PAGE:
The upcoming G20 Summit in Delhi is being seen as a defining event in diminishing the dichotomy between the developed Global North and the developing Global South. The international community is observing India’s diplomatic prowess following her G20 presidency.
Illustration by Geostrata
This comes at a time when the Global North, especially the Western nations, are facing severe energy and cost-of-living crises following the Ukrainian crisis and fading geopolitical clout. The Global South is also riddled with growing regional instability, socioeconomic inequality, food insecurity, and climate risk, to name a few. All eyes are on Bharat now because the proceedings of this year’s G20 summit can pivot the future of this body.
HOW INDIA FARED AS G20 PRESIDENT
India tried to utilise its presidency optimally. After all, this is India’s opportunity to make her name from such a vantage point. The Global South and multilateral approach towards global issues have been core to India's foreign policy, which is evident in India’s strategic partnerships with various member nations of the G20.
With the motto "Vasudhaivam Kutumbakam" or "One Earth, One Family, One Future", India aims to build consensus on joint health and climate action, sustainable development, and the further democratisation of global financial institutions.
In an effort to make the G20 a more inclusive and vocal forum, India has always supported full membership to the African Union with equal voting rights. India and Africa share strategic partnerships in trade, education, and healthcare. With the inclusion of the AU, India’s diplomatic weight will increase, and some reports have suggested that the Union might get inducted into the upcoming summit.
This would be the first time that Africa would have its voice bolstered. Its participation will be crucial for formulating frameworks on the green economy, infrastructure, climate change resistance, inclusive health systems, counterterrorism efforts, etc., as this is a region highly susceptible to almost all the contemporary challenges.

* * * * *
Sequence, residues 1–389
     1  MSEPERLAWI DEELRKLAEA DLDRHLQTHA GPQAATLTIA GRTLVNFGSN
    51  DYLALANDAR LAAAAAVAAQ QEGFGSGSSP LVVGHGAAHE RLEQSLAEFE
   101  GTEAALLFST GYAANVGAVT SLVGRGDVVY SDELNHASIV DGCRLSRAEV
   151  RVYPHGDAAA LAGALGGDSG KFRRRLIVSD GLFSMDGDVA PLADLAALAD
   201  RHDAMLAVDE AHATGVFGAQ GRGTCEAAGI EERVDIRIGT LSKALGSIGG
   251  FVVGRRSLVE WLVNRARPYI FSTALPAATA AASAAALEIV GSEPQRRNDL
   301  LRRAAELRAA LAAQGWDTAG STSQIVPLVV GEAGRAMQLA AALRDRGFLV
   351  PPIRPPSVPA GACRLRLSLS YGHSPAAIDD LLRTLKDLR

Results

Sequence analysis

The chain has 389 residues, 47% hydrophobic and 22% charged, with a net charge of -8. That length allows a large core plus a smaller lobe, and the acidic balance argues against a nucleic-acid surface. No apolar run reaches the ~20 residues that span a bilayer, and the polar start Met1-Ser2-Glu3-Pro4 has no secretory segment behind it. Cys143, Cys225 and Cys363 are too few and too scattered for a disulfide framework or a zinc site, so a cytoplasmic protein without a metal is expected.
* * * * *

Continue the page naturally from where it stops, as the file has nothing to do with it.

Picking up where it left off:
BRAZIL AS THE NEXT PRESIDENT
As India’s presidency comes to an end on November 30, 2023, Brazil will hold the G20 presidency. Being the largest country in South America, it holds great geopolitical importance. It not only supports regional integration through its participation in MERCOSUR but is also an advocate for a strategic south-south corporation while having cordial relations with the developed world. It is one of the members of the BRICS as well.
Unless a general consensus is reached at this year’s summit, Brazil will have a lot to work on owing to differences among certain G20 nations, especially with Russia, China, and the Western world. As the Chinese and Russian presidents will not attend the New Delhi summit, to achieve tangible results, Brazil must perform a delicate balancing act to bring all the stakeholders to the table.
A growing power in renewable energy and food production, the reorganisation of energy markets, the creation of resilient global food supply chains, and the incorporation of digitization could be Brazil’s priorities as the G20 president next year.
THE PRESIDENCY OF SOUTH AFRICA: THE BRICS NEXUS
The Republic of South Africa, another BRICS ally, will take up the presidency in 2025. Its political crisis and economic mismanagement have taken a toll on its infrastructure and geopolitical standing, although it tried to prove the latter by recently hosting the annual BRICS Summit in Johannesburg.
With Brazil and South Africa successively holding presidencies, one might expect impetus on reforms of global institutions such as the WTO, more coordinated action on climate change and the transfer of science and technology, to name a few, and a deepening of people-to-people relations in the Global South.
The goals of the G20 and BRICS nations revolve around the emancipation of the Global South, with the former providing a broader space. The upcoming two summits will provide a vital base for BRICS to prove its diplomatic mettle.
G20: THE ROAD AHEAD
The G20 started as an intergovernmental economic and financial forum as a response to the 2008 global financial crisis, and since then it has widened its scope to include inclusive governance and climate action, to name a few. The COVID pandemic and the risk of potential biological and even digital threats added to the challenges. Is the world prepared for another such black swan event?
In contemporary times, when multilateralism is rising, it is satisfying to see countries that make up around 80% of the gross world product, including Western nations, working in unison. Or, at least, trying to. Cooperation in artificial intelligence, disaster risk reduction, biofuel consumption, etc. has increased among the member nations. But is it enough to diminish the global north-south divide?